4) How do we show ROI? At this stage of the market, showing ROI is about working with each enterprise customer, understanding the urgent business issues they face and helping them identify the AR use cases that could help them measurably address those business issues. The customer can then get a baseline for the business issues they want to address (ie. the before picture) and then measure the impact of implementing AR. Our customer Porsche Cars North America went through this process and, as a result, when they implemented AR to connect dealership technicians to remote experts, they were able to quantify that they had shortened service resolution times by up to 40 percent. Over time, as more customers go public with the work they are doing in each industry, we will see the process of showing ROI become much easier and more standardized as “second wave” enterprises will be able to leverage the ROI work of the companies that go before them.

5) Was content-readiness considered as a barrier to deployment? It did not come up as a specific issue in our survey, but again it is probably a realization that most enterprises probably get to once get beyond a limited collaboration use case. In talking to customers, we do know that the ability to create and deploy content easily, professionally and quickly is important – as is the ability to make most effective use of content they already have.

6) Device Management can be a challenge with IT departments that are now responsible managing and securing these devices, what are you seeing in regards to device management? Device management is definitely a concern for enterprises and one that you typically start to hear about once you move beyond a limited trial or pilot. Quite understandably, once IT departments get involved, they need to be sure that any devices to be deployed on their networks are properly secured and managed. Products such as VMware’s AirWatch have been adding capabilities for AR device management for the last several years and many existing device management market players can be expected to expand their range of AR support.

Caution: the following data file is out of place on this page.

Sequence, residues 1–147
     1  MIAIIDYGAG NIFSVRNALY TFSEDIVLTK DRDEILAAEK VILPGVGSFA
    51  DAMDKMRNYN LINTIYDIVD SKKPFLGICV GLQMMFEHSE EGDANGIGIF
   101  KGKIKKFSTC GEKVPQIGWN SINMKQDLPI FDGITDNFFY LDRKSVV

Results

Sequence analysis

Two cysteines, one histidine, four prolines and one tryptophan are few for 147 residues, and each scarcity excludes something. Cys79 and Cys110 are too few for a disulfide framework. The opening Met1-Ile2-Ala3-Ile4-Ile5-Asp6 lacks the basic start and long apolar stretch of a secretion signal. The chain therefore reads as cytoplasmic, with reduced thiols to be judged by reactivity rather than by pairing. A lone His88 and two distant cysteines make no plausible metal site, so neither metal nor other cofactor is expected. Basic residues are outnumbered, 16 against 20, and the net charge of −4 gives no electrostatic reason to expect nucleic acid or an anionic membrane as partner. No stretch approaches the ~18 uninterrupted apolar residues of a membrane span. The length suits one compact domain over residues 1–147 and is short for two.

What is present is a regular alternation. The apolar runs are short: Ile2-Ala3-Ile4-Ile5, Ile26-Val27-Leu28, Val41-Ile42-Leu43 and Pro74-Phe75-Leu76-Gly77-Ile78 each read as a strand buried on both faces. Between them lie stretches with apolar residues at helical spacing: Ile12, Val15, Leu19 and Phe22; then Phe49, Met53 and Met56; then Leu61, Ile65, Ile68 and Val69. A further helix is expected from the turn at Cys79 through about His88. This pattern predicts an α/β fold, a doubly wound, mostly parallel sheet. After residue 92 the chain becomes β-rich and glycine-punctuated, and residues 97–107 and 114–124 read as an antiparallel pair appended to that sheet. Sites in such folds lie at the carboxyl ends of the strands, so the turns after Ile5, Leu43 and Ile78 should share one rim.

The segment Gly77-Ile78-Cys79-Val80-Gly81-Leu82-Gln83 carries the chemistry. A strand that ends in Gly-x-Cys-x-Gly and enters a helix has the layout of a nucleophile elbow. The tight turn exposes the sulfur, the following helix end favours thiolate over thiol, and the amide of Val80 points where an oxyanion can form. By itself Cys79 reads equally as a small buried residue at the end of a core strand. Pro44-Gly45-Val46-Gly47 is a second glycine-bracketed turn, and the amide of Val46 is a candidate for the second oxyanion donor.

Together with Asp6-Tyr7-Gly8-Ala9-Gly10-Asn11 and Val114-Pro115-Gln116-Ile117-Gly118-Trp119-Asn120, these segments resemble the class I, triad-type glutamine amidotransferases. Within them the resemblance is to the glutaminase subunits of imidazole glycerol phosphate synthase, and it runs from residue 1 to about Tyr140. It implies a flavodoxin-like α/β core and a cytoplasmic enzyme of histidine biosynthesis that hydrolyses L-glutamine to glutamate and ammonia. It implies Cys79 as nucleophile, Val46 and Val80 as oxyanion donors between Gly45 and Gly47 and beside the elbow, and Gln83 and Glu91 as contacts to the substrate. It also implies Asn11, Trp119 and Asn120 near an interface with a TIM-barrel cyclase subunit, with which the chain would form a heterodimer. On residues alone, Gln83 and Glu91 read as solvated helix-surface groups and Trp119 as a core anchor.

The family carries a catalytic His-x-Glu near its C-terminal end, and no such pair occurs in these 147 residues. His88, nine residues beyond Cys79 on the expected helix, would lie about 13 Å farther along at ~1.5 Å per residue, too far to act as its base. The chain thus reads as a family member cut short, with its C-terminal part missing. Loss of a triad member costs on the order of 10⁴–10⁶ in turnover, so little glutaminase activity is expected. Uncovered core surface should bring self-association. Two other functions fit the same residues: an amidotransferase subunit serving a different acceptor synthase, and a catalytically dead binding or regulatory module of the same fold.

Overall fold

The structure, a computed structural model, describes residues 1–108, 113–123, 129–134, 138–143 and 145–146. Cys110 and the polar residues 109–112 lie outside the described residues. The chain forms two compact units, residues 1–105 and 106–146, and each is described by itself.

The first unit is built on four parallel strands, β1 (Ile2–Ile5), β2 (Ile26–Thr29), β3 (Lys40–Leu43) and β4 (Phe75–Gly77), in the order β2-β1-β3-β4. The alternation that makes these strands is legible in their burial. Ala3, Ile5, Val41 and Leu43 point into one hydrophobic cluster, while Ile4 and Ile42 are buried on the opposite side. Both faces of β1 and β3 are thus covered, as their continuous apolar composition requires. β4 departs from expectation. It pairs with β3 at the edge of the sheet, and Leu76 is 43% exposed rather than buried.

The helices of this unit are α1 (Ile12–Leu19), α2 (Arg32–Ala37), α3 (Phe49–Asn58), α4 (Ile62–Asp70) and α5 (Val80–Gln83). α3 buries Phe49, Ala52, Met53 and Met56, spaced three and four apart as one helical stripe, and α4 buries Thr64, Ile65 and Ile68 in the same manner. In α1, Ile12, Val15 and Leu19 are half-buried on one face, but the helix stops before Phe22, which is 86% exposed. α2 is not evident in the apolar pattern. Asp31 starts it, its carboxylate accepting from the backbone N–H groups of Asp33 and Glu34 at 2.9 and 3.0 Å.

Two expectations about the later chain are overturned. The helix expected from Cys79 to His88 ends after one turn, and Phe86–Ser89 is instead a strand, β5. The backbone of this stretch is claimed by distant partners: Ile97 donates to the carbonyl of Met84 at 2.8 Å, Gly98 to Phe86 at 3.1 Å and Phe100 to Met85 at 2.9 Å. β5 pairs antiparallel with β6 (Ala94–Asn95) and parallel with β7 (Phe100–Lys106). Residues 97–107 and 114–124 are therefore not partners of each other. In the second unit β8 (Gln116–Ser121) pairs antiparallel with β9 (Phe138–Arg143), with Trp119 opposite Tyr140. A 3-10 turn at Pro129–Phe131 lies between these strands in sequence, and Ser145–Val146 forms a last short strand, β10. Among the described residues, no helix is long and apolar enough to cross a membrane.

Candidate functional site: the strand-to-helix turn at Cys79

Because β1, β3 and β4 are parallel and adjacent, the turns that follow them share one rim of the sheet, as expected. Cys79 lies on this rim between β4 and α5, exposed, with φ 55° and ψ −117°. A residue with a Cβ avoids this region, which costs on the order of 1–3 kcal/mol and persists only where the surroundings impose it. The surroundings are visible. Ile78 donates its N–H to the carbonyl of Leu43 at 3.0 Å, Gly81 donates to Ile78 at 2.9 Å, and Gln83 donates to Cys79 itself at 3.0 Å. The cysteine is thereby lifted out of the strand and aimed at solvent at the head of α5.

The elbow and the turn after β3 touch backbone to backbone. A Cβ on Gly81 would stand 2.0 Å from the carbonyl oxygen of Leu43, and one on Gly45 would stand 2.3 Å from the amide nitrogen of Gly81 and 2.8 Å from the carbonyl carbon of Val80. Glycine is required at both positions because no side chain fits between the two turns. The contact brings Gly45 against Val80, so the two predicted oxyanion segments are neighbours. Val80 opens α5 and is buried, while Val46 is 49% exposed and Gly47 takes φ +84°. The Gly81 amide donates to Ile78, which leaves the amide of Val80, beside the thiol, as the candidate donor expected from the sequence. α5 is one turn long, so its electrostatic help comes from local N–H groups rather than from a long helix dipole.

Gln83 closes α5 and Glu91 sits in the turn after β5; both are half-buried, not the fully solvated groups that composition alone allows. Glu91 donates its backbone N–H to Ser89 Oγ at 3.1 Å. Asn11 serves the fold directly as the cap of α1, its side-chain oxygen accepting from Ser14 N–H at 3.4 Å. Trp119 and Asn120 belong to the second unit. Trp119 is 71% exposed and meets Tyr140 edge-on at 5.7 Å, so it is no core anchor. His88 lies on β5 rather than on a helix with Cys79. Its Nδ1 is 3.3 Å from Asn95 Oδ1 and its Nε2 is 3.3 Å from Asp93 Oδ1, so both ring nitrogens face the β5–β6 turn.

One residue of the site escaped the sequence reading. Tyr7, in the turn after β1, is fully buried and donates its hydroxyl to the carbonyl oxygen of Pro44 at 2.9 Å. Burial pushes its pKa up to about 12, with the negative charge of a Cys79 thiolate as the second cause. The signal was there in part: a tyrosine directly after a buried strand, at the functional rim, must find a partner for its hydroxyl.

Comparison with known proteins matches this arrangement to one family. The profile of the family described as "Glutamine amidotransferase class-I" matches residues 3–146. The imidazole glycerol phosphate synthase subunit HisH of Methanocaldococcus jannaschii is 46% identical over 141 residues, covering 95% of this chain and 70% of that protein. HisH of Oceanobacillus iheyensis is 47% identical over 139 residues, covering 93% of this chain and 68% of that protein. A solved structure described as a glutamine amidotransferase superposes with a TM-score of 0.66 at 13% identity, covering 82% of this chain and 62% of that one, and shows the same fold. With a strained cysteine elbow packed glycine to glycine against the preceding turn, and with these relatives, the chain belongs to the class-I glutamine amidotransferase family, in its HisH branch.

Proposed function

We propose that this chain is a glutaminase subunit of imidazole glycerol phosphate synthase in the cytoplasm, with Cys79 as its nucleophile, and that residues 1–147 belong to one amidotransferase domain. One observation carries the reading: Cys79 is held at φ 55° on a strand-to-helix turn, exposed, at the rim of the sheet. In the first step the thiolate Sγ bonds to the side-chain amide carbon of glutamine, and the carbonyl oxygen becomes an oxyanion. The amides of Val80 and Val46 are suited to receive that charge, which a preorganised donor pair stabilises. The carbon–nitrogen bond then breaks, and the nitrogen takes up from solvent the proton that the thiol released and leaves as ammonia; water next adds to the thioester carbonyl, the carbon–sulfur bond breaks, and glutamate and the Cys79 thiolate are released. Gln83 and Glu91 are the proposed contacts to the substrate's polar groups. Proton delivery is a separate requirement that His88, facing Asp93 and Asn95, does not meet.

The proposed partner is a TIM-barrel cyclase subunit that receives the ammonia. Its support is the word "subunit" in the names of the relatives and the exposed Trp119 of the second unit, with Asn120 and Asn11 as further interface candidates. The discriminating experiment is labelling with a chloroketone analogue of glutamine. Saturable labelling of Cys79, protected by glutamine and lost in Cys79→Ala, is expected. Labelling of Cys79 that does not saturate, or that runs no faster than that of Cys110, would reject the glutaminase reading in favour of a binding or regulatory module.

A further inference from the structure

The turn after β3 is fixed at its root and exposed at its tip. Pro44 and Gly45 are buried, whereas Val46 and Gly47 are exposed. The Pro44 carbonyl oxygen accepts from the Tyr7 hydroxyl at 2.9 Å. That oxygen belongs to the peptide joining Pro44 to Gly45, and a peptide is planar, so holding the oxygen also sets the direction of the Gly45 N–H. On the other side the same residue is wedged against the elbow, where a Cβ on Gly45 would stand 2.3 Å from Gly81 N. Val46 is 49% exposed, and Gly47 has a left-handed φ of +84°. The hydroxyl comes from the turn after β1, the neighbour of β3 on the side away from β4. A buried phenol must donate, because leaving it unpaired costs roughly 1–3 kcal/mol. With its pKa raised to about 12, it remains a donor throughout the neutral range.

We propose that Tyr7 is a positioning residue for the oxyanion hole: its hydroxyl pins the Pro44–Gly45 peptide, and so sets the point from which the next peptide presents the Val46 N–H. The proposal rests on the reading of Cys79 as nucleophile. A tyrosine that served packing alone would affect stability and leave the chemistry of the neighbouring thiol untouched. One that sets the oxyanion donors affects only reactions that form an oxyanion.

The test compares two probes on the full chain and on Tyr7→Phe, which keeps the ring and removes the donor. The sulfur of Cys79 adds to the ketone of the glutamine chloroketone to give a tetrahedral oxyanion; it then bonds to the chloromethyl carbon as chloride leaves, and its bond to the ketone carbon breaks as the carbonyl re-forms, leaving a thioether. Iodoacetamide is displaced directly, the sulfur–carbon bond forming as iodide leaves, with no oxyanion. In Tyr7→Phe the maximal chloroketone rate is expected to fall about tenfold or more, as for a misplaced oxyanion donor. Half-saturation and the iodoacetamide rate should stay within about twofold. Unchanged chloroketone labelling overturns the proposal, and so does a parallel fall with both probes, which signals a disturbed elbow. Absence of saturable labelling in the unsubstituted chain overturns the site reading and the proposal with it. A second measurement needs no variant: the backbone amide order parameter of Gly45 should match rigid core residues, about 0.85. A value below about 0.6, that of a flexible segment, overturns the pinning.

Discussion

7) You mentioned Mobile AR is going to come down in cost. You mentioned $400. Can you elaborate? Absolutely. There are a number of lower-cost smartglasses that have (or are about to hit) the market recently. They include the Kickstarter-backed Vue smartglasses (with a starting price of $249), the Solos sports smartglasses for $499 and the recently-reduced North Focals at $599. The jury is still out on whether any of the low-cost AR glasses makers are offering products that will see demand (or deeper investment). North, for example, recently announced a layoff of 150 employees – prompting a suspension of investment in the company by the Canadian government. Whatever the ups and downs facing manufacturers, however, it is clear that demand will continue to drive more competitive pricing on both consumer and enterprise AR devices as key components start being produced at greater scale.

How long did it take you all to create your Motive.io authoring tool?

Our authoring tool has been a work in progress since 2010, the current version, branded as the Motive.io authoring tool has been in the works for 4 years.

The platform "comes from the gaming space", what game engine is it based upon? Unity?

Yes the platform is built to integrate with Unity.

Love this! I'm an instructional designer - is there a free trial version?

Right now, access to the authoring tool is available to clients who we’re working with on a specific project. We hope to have a demo space available for people to try in the near future.

Participate in our VRARA Enterprise Summit at LiveWorx June 10th in Boston. More info here